The Tu B’Shevat Hiking Seder


Tu B’Shevat is the Jewish Arbor Day. It is a minor Jewish holiday, but it’s recently come into focus as we grapple with contemporary environmental issues and try to reconnect Judaism with its natural roots. The name Tu B’Shevat is the Hebrew pronunciation of a date in the Jewish calendar, when the holiday takes place. There are a variety of spellings in the English Transliteration.

Trees are often used as symbols in Judaism: for the torah, the Jewish people, or even a human being. There are many biblical references to trees, from Adam and Eve in the Garden of Eden to the Cedars of Lebanon.

Evidence of the first Tu B’Shevat seder appeared in the 17th century. The Kabbalists, or Jewish mystics, created a pamphlet called Pri Etz Hadar (The Fruit of the Majestic Tree), with prayers and meanings that followed the structure of a Passover Seder.

Tu B’Shevat Hiking Seder
Here in Southern California, we have the luxury of being able to be outside comfortably in the middle of winter (usually). Instead of sitting at a table with kids, we have a hiking seder! Starting at the base of a hill in our city park, we gather the community together and introduce the event with a song or story. We collectively make our way up the hill, carrying guitars, ukuleles, the fruits for the different realms, and little cups to drink white juice or red juice. To keep the kids in touch with their surroundings, we provide a scavenger hunt list of items for them to collect and observe. We stop and gather the group along the way for each of the 4 realms, and give a small teaching. When we reach the top there is a garden and the kids run around to explore. We might sing a song or have a final blessing. Everyone returns down the path at their leisure. At the bottom, we have a craft project for the kids (most recently, a sun catcher using found materials). If it’s not too cold, families can stay for an optional picnic!


Tu B’Shevat Resources 

An introductory prayer via Kabbalah Online, from the original Tu B’Shevat seder in Tzefat.

Hazon offers a comprehensive list of online Tu B’Shevat resources, including songs with recordings, and pdfs for you to lead a tu B’Shevat seder in your home.

NeoHasid has a simple, beautiful resource for a seder, very suited for a secular community. The guide presents simple discussion questions for each seasonal realm.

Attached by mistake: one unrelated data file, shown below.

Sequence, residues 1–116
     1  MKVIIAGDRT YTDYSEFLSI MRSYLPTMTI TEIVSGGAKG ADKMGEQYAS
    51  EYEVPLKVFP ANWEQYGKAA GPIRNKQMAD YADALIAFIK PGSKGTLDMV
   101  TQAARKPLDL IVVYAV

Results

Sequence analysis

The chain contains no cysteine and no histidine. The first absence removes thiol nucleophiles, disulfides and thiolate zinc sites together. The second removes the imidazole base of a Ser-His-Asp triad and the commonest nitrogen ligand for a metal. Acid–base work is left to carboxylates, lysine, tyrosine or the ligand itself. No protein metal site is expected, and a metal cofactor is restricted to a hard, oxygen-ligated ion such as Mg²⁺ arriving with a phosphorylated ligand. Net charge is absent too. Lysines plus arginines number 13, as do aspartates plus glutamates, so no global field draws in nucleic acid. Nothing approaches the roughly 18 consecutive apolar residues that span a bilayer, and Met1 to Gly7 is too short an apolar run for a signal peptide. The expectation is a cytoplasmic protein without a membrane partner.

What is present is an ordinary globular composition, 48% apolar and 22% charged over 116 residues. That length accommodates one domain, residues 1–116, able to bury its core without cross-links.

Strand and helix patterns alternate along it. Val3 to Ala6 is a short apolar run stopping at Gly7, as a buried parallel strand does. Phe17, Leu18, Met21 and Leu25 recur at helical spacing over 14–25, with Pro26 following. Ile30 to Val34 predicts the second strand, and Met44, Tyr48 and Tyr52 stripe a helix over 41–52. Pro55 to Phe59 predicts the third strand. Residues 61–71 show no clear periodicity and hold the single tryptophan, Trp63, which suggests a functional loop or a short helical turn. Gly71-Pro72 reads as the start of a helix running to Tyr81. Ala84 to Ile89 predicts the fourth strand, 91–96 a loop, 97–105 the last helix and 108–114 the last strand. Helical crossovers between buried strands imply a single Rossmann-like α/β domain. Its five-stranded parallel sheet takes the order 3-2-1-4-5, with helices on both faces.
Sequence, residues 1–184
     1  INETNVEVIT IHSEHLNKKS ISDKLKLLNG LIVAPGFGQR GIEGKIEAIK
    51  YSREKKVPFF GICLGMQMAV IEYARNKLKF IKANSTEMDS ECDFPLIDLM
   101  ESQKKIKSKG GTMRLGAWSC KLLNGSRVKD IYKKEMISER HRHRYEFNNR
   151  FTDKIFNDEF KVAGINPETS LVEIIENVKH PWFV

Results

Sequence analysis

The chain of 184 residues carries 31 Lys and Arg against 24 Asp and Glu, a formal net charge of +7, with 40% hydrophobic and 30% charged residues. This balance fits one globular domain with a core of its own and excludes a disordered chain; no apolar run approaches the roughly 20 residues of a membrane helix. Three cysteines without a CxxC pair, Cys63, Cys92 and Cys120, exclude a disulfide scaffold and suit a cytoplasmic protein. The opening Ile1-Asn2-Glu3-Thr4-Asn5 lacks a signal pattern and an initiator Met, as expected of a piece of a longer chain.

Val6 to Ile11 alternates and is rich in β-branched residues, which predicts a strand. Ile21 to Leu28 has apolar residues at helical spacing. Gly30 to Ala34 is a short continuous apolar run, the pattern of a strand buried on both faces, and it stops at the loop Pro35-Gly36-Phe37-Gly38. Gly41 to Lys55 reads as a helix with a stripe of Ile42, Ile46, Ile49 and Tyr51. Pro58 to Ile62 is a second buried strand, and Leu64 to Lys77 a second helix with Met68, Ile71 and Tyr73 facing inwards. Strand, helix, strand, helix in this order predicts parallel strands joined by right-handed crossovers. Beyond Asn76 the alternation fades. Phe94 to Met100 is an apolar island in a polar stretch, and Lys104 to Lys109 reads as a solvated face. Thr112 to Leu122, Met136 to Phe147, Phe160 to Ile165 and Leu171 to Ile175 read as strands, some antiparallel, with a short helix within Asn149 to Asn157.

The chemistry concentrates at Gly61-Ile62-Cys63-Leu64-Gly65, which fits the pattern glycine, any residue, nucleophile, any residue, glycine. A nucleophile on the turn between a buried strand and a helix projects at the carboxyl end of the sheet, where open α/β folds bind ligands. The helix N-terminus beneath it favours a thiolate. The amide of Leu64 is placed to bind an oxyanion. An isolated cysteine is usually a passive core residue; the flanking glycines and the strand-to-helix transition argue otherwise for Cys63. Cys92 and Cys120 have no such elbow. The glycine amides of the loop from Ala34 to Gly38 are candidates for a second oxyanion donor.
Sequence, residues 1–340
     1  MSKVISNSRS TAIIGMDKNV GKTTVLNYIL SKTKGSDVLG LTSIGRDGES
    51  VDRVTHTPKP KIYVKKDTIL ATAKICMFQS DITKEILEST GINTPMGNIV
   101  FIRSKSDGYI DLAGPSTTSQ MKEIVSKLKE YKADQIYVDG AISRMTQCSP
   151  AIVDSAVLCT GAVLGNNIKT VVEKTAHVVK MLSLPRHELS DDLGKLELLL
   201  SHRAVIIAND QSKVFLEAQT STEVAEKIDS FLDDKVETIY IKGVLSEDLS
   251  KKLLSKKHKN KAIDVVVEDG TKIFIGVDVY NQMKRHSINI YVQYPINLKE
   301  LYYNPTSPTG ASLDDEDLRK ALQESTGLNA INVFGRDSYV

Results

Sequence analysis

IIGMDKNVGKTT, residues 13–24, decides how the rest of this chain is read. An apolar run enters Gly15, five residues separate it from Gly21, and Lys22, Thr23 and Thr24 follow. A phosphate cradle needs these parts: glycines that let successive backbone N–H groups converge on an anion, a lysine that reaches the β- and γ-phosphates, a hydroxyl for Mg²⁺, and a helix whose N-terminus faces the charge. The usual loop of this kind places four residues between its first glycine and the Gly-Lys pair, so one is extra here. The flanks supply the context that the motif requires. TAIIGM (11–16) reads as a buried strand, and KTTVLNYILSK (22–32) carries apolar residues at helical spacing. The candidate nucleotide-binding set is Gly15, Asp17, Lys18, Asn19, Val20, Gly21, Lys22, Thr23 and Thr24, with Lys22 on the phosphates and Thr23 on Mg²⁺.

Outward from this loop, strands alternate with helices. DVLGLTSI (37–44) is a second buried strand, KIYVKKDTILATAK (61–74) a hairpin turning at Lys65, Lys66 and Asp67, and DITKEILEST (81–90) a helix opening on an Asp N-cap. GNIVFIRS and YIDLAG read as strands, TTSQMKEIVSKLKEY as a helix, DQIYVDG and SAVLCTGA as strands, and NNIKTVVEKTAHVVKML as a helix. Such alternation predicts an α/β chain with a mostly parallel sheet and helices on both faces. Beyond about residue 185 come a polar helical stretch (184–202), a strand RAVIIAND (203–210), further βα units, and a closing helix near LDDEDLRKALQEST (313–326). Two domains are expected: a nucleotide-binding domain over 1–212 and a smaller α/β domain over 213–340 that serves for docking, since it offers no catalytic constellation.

Aish has online published a more traditional, dense Seder via A Person is Like a Tree: A Sourcebook for Tu BeShvat, by Yitzhak Buxbaum (Jason Aronson Inc.). It walks you through an entire Seder with readings and responses from the leader, as well as rabbinic texts and torah based quotes.

Aish also offers an interesting article on how trees can serve as inspiration. What trees are in your life? What are some facts about them? How to they inspire you?

Hillel, the foundation for Jewish campus life, has a pdf of the tu B’Shevat seder including the history of Tu B’Shevat in the appendix, geared toward college students.

The Lookstein Center has even more printable Seders and resources! It includes Babaganewz’s zionist seder, and a program for 3-5 year olds.



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The Cheater’s Latke Recipe


Time is of the essence, especially when dealing with kids. This recipe is easy and I’ll share how I cheated, and avoided the most time-consuming aspect of Latke making: grating the potatoes.

I used a slightly modified recipe from

  • 2 cups peeled and shredded potatoes
  •  1 tablespoon grated onion
  •  3 eggs, beaten
  •  2 tablespoons all-purpose flour
  •  1 1/2 teaspoons salt
  •  1/2 cup Canola for frying

1. Go to your local grocery store and buy frozen, pre-shredded potatoes. (cheating!) They are usually in the form of hash-browns. Just make sure they aren’t lumped together in any shape (like tater-tots).

2. Go to your local grocery store and buy pre-diced onions. (cheating!)

3. Defrost

4. In a medium bowl stir the potatoes, onion, eggs, flour and salt together.

5. In a large heavy-bottomed skillet over medium-high heat, heat the oil until hot. Place large spoonfuls of the potato mixture into the hot oil, pressing down on them to form 1/4 to 1/2 inch thick patties. Brown on one side, turn and brown on the other. Let drain on paper towels. Serve hot!

*This recipe is not certified Kosher.

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Grati-Jewd: A Jewish Thanksgiving

Who is rich? The one who is happy with what (s)he has.
– Ben Zoma, Pirkei Avot (Ethics of the Ancestors)

Thanksgiving is a wonderful holiday because it’s American and completely kosher for Jews to celebrate. In fact, some believe the holiday was derived from the harvest festival of sukkot. There are many themes that we can build on Jewishly in celebration of the holiday: Pilgrims, immigrants, religious liberty, tzeddakah and, of course, food and gratitude.


Thanksgiving Haggaddah
Jews definitely know food. Building off of the Passover model, this amazing Thanksgiving Haggaddah, tells the story of the pilgrims, breaks down the meal as if it is a Seder plate and even poses four questions: